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Catholic Health Professionals in Kenya Providing School Services to Curb COVID-19

Kenya's Education Cabinet Secretary George Magoha inspects a room set aside by the Heri Healthcare team for treatment of students at a Kenyan school

A team of health professionals in Kenya that includes medical doctors, professional counsellors, nurses and other health practitioners are attending to school going children in their respective learning institutions to limit the learners’ exposure to COVID-19 infections.

Speaking about the initiative dubbed Heri Healthcare, Dr. Njoki Fernandes told ACI Africa that the initiative was started last October when children resumed learning in schools where they were expected to adhere to COVID-19 guidelines.

“Heri Healthcare is a COVID-19 company,” Dr. Fernandes said in the Thursday, March 25 interview, adding, “We came together at the height of the pandemic to support schools that had the huge burden of taking care of hundreds of children who were exposed to infections."

Children who had various illnesses, not necessarily COVI-19, at a school in Thika, outside Kenya’s capital Nairobi, were told to seek medical services outside the school at a health facility that is usually very crowded, thereby increasing their exposure to infections, she recalls and explains.

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Pioneered at the MaryHill Girls’ Secondary of Nairobi Archdiocese in Thika, Heri Healthcare initiative entails “bringing healthcare in schools in a safer and convenient way,” according to Dr. Fernandes, a healthcare consultant who has a background in gynecology.

In schools that have come on board, learners who fall sick are not allowed to leave the school premises but are treated by a team of Heri Healthcare givers.

The system, Dr. Fernandes says, also addresses trust issues between learners and their school management.

“There have been instances where learners were told that they are faking an illness just to leave the school premises or to go home altogether. With this initiative, the learners are taken care of in school and such misunderstanding is avoided,” she said.

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At inception, services at schools were geared towards “re-engineering” learners back to the school system after spending months away from school, the health professional tells ACI Africa, adding that learners who have been exposed to destructive behaviors such as drug use and irresponsible sexual behaviors while they stayed at home are taken through counselling and wellness sessions.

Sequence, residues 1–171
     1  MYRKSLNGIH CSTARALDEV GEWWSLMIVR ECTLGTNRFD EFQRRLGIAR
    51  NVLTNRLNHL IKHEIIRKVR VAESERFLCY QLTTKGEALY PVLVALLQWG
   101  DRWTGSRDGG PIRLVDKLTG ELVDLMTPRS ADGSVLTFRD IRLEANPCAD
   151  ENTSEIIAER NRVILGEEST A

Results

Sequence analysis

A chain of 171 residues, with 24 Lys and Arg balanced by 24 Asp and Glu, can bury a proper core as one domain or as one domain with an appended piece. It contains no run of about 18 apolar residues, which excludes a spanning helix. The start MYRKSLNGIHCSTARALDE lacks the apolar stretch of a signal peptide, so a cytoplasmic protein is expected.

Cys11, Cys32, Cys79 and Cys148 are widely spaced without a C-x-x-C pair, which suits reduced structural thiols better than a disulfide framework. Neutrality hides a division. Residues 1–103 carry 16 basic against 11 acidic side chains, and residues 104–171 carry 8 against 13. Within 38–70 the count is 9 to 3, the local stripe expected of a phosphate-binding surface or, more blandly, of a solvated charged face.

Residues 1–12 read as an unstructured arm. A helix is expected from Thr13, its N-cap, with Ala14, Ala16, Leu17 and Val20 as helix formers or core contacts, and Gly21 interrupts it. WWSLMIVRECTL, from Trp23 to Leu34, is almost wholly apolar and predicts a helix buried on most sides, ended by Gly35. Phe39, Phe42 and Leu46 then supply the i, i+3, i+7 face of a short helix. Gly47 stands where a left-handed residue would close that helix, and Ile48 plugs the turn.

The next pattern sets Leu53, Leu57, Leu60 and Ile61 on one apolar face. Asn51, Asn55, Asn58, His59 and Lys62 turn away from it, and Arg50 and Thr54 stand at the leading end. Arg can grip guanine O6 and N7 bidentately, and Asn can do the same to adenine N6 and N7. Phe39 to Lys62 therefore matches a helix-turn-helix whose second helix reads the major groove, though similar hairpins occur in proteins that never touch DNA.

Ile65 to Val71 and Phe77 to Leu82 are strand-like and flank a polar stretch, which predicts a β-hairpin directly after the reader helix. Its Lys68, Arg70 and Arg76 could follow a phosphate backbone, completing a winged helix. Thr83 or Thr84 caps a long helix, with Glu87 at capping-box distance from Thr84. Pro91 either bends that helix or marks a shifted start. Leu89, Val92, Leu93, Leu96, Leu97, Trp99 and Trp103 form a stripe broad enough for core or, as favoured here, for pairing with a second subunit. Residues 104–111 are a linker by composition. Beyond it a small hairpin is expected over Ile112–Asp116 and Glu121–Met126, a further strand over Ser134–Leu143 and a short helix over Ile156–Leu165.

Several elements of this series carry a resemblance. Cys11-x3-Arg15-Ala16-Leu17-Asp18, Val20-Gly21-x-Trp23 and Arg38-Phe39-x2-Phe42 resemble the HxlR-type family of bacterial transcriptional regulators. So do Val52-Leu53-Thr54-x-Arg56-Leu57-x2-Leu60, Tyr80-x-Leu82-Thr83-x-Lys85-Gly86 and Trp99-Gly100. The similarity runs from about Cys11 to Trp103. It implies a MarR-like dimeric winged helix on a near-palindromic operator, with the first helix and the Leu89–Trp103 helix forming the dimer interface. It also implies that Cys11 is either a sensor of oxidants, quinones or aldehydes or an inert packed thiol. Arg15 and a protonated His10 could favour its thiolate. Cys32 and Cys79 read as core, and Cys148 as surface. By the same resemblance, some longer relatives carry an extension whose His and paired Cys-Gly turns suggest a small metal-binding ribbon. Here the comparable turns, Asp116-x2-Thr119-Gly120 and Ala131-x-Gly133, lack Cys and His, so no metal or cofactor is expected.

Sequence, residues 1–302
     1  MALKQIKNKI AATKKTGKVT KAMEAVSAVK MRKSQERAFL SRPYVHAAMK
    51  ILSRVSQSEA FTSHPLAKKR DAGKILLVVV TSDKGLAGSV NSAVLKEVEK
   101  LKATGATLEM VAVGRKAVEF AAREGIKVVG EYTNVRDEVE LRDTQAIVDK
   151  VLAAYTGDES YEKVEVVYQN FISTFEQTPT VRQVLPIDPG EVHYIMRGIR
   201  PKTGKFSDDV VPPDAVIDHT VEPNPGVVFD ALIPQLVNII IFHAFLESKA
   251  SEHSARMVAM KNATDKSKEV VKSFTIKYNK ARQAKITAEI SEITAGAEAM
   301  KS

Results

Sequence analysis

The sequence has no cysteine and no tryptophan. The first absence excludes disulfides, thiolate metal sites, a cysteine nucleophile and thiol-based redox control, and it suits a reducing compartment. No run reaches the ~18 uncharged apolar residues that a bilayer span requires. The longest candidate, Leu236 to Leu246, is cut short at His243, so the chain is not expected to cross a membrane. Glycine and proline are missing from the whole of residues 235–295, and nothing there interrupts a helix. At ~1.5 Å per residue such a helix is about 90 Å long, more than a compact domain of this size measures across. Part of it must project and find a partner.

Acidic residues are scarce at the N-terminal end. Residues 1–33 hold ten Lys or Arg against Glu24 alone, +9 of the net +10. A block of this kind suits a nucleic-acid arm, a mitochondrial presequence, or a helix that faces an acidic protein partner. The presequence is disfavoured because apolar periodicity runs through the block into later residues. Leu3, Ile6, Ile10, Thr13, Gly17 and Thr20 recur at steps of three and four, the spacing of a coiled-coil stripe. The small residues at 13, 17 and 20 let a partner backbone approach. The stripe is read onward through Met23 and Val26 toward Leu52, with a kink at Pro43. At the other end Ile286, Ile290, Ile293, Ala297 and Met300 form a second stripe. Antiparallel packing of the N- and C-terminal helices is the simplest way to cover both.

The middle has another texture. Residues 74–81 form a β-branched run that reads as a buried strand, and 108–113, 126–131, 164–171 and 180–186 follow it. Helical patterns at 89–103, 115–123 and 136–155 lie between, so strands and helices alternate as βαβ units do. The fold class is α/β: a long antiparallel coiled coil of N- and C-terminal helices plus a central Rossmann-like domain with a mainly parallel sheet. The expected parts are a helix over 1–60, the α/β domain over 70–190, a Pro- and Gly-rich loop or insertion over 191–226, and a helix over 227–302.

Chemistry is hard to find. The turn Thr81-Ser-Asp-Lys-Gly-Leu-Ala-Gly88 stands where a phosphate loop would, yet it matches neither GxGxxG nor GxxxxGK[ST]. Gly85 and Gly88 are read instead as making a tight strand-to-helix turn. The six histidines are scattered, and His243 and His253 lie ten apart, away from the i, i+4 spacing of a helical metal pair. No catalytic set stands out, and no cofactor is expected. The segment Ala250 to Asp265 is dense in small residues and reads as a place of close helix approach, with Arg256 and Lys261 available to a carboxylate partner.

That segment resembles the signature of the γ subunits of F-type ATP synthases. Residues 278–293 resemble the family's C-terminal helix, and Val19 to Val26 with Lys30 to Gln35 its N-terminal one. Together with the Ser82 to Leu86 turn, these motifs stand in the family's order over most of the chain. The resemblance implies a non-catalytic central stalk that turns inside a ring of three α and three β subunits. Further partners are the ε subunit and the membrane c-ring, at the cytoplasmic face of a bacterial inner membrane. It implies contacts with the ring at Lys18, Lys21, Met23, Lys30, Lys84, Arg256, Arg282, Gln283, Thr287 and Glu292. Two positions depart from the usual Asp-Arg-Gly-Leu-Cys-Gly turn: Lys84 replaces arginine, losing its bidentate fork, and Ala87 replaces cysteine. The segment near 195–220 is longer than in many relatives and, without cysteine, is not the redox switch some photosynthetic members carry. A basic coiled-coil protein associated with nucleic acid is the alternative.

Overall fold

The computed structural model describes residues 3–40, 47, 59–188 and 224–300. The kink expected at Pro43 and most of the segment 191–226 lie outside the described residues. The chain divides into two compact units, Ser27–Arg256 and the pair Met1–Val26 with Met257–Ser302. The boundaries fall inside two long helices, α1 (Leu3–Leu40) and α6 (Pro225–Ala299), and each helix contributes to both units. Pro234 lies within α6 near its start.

The uniqueness of the program, the Kenyan-born healthcare consultant says, is the all-rounded approach to education as well as its entrenchment in the Catholic teachings.

“This is certainly a game-changer in healthcare provision. In the past, parents have prioritized academic excellence over the wellbeing of their children in schools. It’s our hope that parents and guardians understand that mental health and other aspects of wellbeing build towards academics,” Dr. Fernandes explains.

She adds, “Some of the issues that school managements are dealing with at the moment such as student unrests and torching of buildings can be avoided by ensuring that the learners’ mental health is taken care of.”

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As for the initiative’s establishment in the Catholic beliefs and culture, the medical doctor says, “We are Catholics and we adhere to the Catholic traditions in our service provision. We stick to ethos when providing counselling to the young ones in schools who are battling youth-related challenges.”

Heri Healthcare works with schools that charge their students “a small fee” every school term to cover medical expenses for the entire session in school.

The only challenge the founders are facing, Dr. Fernandes says, is getting parents and guardians on board.

“It is not easy to convince parents to take the health of their children seriously. It is easier for them to pay for all other programs in schools than to invest in their children’s health in school,” she told ACI Africa March 25.

 

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